When we were married, my husband and I found no acceptable alternative other than getting married in a Christian Church, as we were then deep in the broomcloset, and did not wish to ruin the joyous occasion with the deep family rift that would have occurred had we forced knowledge of our beliefs on our deeply religious Christian families at the time.
We were also seriously disturbed by the idea of having to separate the ceremony that joined us spiritually from the one that joined us legally, and we knew of no way to get legally married in a pagan ceremony at that time, as we knew of no legally ordained pagan priests, priestesses, shamans, witches, (or whatever term their path might prefer), in our local area.
This has never fully satisfied us, and we had always intended to renew our vows within the context of our real beliefs, instead of through carefully altered wording whose true meaning was veiled to most of those present. We also felt an increasingly strong and growing need to reach out to our community, and offer the option that we did not have.
As a result, we had long intended to seek legal ordination, and began investigating the Universal Life Church, the source of ordination for much of the pagan priest(ess)hood. When we found them online, we were able to ascertain for ourselves that their official beliefs are not incompatible with our own, though they extend their umbrella to include many faiths other than pagan ones, with a heavy emphasis among the membership on Christian sects. When we found that we could become ordained through an on-line service, we debated hard, eventually deciding, after ritual consideration, that the time had come for us to take on this role and responsibility. We completed the necessary forms, and became ordained pagan "ministers" of the Universal Life Church.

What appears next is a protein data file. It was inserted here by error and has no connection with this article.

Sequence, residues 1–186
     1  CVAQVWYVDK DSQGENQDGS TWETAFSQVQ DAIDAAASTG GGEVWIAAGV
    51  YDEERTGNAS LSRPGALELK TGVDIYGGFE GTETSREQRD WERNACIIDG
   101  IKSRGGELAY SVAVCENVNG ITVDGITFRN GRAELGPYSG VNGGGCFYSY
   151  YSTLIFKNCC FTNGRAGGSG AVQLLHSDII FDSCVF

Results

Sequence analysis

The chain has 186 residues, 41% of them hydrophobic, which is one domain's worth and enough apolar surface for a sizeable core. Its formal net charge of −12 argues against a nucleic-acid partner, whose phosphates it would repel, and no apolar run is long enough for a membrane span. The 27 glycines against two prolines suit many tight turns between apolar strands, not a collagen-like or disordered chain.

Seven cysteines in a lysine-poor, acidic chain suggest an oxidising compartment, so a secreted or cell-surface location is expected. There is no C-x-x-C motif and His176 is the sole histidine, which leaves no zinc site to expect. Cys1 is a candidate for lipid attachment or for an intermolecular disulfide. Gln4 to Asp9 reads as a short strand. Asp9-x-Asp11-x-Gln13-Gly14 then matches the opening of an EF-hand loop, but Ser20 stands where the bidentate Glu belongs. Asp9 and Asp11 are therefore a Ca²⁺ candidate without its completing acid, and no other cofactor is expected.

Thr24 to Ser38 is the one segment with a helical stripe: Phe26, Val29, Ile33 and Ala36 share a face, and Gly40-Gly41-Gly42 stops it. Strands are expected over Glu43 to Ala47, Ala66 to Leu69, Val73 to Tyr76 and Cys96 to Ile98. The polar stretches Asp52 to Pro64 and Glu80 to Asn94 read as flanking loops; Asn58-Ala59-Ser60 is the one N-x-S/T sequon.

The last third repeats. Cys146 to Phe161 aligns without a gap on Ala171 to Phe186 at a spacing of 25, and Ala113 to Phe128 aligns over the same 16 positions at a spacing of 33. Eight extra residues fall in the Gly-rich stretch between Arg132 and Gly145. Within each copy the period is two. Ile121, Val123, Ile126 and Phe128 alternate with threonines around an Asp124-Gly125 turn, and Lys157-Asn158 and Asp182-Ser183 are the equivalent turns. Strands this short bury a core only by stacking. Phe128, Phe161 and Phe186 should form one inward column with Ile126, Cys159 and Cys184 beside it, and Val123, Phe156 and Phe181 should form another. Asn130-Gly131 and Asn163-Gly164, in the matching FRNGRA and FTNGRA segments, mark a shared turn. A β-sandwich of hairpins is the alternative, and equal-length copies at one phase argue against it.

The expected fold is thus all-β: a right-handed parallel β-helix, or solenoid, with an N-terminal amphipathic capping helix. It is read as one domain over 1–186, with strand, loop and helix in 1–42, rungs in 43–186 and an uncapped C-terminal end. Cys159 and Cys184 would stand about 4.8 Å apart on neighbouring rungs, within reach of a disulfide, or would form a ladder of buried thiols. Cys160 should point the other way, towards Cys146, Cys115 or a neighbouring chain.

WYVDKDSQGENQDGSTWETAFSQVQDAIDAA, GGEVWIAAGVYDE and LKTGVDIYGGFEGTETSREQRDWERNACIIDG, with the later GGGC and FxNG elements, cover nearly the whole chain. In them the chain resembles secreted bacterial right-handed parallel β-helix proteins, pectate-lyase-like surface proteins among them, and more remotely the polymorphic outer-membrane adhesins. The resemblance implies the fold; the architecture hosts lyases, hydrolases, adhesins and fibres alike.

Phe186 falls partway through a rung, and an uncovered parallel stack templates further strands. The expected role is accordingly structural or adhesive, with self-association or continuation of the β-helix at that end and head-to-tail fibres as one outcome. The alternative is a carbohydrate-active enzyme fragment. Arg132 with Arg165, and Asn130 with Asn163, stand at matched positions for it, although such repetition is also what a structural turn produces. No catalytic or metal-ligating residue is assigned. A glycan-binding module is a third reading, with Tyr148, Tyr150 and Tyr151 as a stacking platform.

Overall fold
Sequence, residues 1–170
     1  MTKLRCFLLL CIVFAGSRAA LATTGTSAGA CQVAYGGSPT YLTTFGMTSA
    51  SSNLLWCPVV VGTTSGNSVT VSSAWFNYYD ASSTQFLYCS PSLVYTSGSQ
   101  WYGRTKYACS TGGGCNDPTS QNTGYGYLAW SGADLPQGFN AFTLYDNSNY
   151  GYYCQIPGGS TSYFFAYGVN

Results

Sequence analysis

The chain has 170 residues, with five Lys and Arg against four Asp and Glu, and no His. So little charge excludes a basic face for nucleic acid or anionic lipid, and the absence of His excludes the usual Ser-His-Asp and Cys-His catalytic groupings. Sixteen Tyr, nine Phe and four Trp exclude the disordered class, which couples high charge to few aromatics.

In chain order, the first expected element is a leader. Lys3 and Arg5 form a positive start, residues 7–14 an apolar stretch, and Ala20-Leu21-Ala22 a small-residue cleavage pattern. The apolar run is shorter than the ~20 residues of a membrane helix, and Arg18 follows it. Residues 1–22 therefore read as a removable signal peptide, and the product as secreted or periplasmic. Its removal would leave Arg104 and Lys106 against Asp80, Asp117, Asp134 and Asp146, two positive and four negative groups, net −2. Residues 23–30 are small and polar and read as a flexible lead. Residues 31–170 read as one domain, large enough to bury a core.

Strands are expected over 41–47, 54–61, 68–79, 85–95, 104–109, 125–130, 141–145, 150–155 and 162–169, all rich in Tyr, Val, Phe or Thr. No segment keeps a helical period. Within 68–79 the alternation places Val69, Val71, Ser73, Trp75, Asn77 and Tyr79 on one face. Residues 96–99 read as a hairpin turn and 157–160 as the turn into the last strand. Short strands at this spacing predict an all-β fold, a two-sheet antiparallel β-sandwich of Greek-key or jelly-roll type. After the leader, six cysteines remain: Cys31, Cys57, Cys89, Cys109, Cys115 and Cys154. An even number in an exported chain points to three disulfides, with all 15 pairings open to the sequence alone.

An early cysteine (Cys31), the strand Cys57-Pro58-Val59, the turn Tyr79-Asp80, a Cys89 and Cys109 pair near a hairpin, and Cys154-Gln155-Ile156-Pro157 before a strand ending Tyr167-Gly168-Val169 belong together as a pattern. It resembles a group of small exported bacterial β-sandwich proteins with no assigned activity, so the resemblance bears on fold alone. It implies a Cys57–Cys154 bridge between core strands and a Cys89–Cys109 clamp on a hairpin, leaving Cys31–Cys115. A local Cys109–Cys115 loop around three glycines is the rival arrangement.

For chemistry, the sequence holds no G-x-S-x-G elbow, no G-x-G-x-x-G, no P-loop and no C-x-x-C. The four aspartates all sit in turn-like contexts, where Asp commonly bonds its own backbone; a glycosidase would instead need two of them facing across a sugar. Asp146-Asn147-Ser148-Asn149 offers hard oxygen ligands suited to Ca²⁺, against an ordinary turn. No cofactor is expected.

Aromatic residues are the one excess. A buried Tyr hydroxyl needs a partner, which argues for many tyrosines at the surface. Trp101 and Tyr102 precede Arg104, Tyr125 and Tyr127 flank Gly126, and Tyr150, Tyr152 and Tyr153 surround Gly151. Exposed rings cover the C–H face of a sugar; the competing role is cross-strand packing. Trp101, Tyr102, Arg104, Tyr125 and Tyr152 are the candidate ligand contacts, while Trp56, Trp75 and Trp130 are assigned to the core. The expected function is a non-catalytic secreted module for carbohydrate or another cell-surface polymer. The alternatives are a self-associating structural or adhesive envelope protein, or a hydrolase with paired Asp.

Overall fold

We encourage all pagans who are comfortable designing and celebrating deeply meaningful group rituals to consider obtaining legal ordination, so that you, like we, can offer the option of legal pagan wedding ceremonies to your local pagan community, a right held by every other religion, and all too rare in our own. Ordination through the Universal Life Church is one option that is available to anyone, for free, though it is by no means the only route to a legal ordination for a member of a pagan religious organization. Whatever path you follow, I encourage you to give due thought to taking on this responsibility, if you feel competent to do so, so that every member of the pagan community can have the same options to celebrate the important milestones of life within the context of their religion, without losing legal recognition by doing so.
A word of caution, however: please don't take on the role of ordained pagan priest or priestess just for the title, to make light of it, or if you are not comfortable with the role, for you will indeed be called upon by your community to exercise your responsibilities, and it goes hard all the way around if you are not prepared to follow through on your commitment to this part of your life.
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